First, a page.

In Shelf Talkers, we ask independent booksellers to share their wisdom. Rebecca George is the co-owner of Volumes Bookcafe in Wicker Park, Chicago.
1. Bookstores are not dying
The mentality surrounding bookstores and the perpetuation of this idea is ridiculous. Bookstores are thriving, despite this idea that saving 2 or 3 dollars by absolutely all means necessary has become the cultural norm. Want a bookstore in your neighborhood? Well, those few extra bucks are the price to keep them there. Independent bookstores aren’t intentionally trying to gouge their customers. Publishers set the price on books, and the margins are some of the thinnest in any industry ever. Online and big box retailers pay significantly less for the same books and they often price them for less than what bookstores are paying to acquire them. If bookstores could give you a deal, they would. They can’t. That is the price of having them around.
That being said, new bookstores are opening every month nation wide. Several bookstores are opening new locations in their surrounding communities. Their survival, however, rests in the young recognizing that bookstores are also in the 21st century. They’re right there with you – constantly moving and changing to adapt and provide better community spaces for you – wherever you are. All it takes is bookmarking their website — and TALKING to them. Bookstores might often be quiet(er) places, but they are there to have a conversation with you, for however long you’re willing.
2. Bookstores are engaged in the community.
I say all levels, because bookstores are not only committed to representing their immediate community, but if you are looking for a place that might have some insight on the current political landscape, on women’s rights, or perhaps something more specific – you’ll likely find an event where those conversations are happening. Meet authors. Meet poets. Meet artists. Meet you neighbors. Bookstore events are diverse and typically free and open to the public. Try something new. You might be surprised how much you like it.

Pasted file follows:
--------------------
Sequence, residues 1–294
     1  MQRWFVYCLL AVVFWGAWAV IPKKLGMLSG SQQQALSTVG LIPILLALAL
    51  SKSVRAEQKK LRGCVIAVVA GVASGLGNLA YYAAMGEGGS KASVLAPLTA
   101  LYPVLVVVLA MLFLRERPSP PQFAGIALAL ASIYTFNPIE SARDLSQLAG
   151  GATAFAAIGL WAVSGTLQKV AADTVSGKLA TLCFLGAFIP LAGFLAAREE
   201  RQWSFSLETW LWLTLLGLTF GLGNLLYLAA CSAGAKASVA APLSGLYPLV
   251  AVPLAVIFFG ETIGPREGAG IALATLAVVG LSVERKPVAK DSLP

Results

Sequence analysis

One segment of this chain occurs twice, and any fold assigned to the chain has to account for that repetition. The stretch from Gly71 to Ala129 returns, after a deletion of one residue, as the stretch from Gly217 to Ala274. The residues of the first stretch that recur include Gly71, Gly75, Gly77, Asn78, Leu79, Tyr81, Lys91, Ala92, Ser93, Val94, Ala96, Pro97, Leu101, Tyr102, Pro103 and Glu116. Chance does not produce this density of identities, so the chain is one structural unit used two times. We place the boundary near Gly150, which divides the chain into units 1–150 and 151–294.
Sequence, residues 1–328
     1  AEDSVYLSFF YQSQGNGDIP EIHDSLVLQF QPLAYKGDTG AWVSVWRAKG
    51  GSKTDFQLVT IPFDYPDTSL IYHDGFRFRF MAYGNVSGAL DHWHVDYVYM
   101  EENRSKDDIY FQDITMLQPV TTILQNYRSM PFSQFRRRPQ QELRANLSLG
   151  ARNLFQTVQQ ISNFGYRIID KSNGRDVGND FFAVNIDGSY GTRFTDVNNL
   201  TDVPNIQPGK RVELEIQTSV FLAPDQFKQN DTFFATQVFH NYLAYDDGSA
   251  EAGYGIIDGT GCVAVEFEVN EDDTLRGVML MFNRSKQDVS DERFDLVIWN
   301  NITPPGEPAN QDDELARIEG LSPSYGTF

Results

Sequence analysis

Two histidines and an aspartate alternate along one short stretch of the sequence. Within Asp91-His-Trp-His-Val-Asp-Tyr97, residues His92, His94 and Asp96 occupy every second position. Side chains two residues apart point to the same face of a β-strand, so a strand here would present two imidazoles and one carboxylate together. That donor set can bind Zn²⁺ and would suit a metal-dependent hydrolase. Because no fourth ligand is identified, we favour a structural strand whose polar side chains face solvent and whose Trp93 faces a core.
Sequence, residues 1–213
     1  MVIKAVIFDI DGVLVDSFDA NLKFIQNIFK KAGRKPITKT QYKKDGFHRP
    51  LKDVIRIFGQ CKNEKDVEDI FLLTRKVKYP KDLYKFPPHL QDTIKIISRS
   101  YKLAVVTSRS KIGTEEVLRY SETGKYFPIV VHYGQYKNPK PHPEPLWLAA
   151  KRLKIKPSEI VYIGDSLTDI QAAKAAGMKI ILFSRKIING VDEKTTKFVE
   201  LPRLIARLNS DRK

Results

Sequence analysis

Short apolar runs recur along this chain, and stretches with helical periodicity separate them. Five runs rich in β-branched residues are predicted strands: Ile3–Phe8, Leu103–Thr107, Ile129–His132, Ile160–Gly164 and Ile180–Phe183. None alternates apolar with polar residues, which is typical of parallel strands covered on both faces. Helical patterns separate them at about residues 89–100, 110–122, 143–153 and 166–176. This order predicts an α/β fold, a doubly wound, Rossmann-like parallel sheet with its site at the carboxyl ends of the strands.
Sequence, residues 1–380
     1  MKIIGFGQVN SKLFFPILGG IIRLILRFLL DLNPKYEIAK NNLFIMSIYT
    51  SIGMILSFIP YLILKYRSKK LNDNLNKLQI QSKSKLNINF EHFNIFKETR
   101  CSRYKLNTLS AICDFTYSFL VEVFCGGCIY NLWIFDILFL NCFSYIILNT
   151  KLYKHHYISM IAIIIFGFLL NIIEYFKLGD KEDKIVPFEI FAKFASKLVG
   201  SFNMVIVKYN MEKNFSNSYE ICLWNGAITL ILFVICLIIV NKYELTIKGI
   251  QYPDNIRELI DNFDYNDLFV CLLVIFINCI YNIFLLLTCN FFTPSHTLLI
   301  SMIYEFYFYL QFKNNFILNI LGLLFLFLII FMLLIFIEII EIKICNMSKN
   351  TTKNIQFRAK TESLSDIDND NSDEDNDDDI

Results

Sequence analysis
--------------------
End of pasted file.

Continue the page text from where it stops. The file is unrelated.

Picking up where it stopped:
3. Booksellers know books. For real, though.
Booksellers read a heck of a lot. Sometimes more than a book a week. We know about books, and we spend our days talking about books, reading about books and listening to customers who talk about books the booksellers haven’t read. Booksellers are there to HELP you find what you are looking for. Have a troubling relative that is impossible to shop for? Booksellers can help. Want to give your down in the dumps friend a book to lift their spirits? Booksellers can help. Looking to expand your reading horizons and escape into something completely different? Booksellers can help.
4. We are online (GASP!)
I know, right? How novel! (Pun intended.) Every independent bookstore in America has a website. Most of them can process orders online. You can also check stock of the book you’re looking for before you go in. Better yet, even if the bookstore doesn’t have the book, you can order the book for pick-up. It doesn’t cost extra.
Can’t come into the bookstore until the weekend? Order your books online for pick-up and they’ll be ready when you have time.
Have several indies in your area? Try IndieBound. Select a book and they’ll point you to a bookstore near you.
5. Hold on to your panty-hose: We sell ebooks and audiobooks!
KOBO is a great ebook company — a portion of every ebook you purchase goes to your favorite indie bookstore. They not only have affordable e-readers, they also have an app that works exactly like a Kindle app, so you can read on your phone or any device that supports apps.
Also, Libro.fm is a great alternative to Amazon’s audible. It works THE EXACT SAME WAY and it supports your favorite indie. Seriously. Why aren’t you downloading the app right this second?
6. You can pre-order books before they come out!
Know your favorite author has a book coming out? Great. They’ll have it waiting for you the day it comes out. Don’t live close to an indie bookstore? That’s okay. They can ship it to you as well. This can ALL be achieved online.
7. Bookstores make a lot of pretty Instagram posts.
Bookstagramming is an artform, and many bookstores do it very well. Each indie bookstore has a unique personality, and Instagram is where you’ll see it.
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Rebecca George is the co-owner of Volumes Bookcafe - a hybrid independent bookstore & cafe in Chicago's Wicker Park neighborhood.